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Maximizing Your Corporate Notification System

Anton Vdovin - Sep 21, 2017 5:21:44 PM

A corporate notification system is a combination of software and hardware that provides a means of delivering a message to a set of recipients. Mass Notification, at its most basic, is using technology to send a single message to multiple individuals.

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Such systems constitute an important aspect of modern Web applications; for instance, a notification system can send an e-mail announcing when a computer network will be down for a scheduled maintenance. This can be performed in various ways; phone, SMS, email, instant message, secure mobile apps, even via speakers on a factory floor, or as we discussed recently, via digital signage. Complicated notification systems are used by businesses to reach whenever necessary critical employees. Emergency notification systems may take advantage of modern information technologies.    Putting an effective mass / group notification system in place can provide multiple benefits to many types of organizations and their constituents, but does require some planning prior to implementation.

On theory, it might seem very basic it is actually very vital to the safety and welfare of the members. Would you imagine knowing that there is a typhoon, deciding to cancel work for the day, but still, half of your employees braved the storm, got sick, almost had their papers ruined by the weather, only to find out once they arrive that the operations are closed for the day? It could have been prevented should the company had a corporate notification system that alerted everyone before they wake up that there would be no work for the day.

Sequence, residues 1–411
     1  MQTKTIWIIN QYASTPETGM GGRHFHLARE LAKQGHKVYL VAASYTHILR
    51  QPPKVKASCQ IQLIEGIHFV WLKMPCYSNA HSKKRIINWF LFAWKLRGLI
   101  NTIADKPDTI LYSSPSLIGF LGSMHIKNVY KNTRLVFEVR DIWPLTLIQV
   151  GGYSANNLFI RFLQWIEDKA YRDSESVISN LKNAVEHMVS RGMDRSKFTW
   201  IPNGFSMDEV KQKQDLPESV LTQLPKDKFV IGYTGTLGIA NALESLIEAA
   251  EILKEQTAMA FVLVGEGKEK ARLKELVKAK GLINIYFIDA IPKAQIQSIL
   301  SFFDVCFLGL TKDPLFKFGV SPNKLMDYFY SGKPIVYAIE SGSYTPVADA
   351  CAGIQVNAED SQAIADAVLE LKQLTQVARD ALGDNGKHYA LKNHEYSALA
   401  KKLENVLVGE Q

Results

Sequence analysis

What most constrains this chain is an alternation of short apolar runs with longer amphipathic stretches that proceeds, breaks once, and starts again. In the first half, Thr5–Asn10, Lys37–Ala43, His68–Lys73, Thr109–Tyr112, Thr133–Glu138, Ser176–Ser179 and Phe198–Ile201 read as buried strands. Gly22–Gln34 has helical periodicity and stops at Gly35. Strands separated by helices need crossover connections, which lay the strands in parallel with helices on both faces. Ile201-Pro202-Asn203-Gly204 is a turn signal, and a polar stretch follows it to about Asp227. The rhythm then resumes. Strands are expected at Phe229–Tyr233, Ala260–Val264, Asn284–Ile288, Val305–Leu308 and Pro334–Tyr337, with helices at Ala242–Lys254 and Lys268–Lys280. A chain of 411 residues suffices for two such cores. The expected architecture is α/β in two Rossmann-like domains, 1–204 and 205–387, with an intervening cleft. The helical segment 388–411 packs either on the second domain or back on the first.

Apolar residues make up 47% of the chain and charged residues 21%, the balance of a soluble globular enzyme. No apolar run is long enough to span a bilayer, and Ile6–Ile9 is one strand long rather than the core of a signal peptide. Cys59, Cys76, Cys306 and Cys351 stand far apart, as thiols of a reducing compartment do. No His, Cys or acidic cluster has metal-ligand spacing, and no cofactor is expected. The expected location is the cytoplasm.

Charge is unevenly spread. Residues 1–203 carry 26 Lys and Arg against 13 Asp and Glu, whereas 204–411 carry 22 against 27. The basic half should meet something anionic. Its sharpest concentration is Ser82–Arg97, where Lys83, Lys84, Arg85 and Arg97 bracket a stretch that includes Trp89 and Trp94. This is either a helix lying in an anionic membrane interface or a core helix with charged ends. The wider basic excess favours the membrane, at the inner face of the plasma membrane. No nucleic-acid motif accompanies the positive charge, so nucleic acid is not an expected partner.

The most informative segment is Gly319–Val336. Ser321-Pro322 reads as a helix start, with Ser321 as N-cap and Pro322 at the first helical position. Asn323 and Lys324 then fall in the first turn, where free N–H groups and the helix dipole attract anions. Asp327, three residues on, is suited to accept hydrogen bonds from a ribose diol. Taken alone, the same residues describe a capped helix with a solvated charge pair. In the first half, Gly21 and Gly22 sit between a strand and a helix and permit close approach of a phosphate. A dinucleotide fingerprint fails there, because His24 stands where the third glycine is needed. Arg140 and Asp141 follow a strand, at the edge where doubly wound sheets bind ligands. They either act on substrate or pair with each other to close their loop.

If you still don’t have a corporate notification system at your office, here are reasons why you should immediately consider purchasing:

1. It keeps your staff safe and connected

Keep your staff informed and out of harm’s way. Whether you need to communicate weather warnings, office closures, or other emergencies, a corporate notification system can come in handy.

2. The flexibility of the tool can accommodate every employee

If you limit messages to only one sensory option, you could be missing those with hearing or visual limitations. A corporate notification system caters text messages, updates to digital signage, or computer programs that can read pop-ups to make sure everyone can hear and see emergency communication.

Once you already have a notification system in your office, it’s time to learn to utilize it wisely, and leverage it in such a way that it can solve existing problems. Here are some tips:

1. Centralize the cascading of notifications with the Human Resources Department. Most mass notification systems can interface with an active directory or LDAP (Lightweight Directory Access Protocol) solution so you can manage single sign-on through your existing infrastructure. This eliminates duplicating users and managing logins from multiple lists.

2. You should also sync digital messages with your emergency management protocol by calling out key players from your general populace. Certain scenarios may dictate that emergency managers reach out to a particular contact or verify an action has been taken.

3. Make your messages clear, purposive, and short. The notification should be just that- a notification. Anything worth discussing in person should be discussed in person.

4. Streamline your database to make sure that employees only get the information or notifications that they need. Create separate lists for various departments or positions so the sending of messages would be purposive later on.

5. Closely manage your rapid-response list – your events, crisis management team, and other stakeholders that are responsible for the wellbeing of your employees.

6. Be clear whether any response is required from recipients. Some systems, for example, can automate message tracking so you know when a text or email has been opened or a call taken.

7. Avoid being redundant with the messages being sent since it will annoy the employees more than making them feel cared of.

Topics: Corporate Communication

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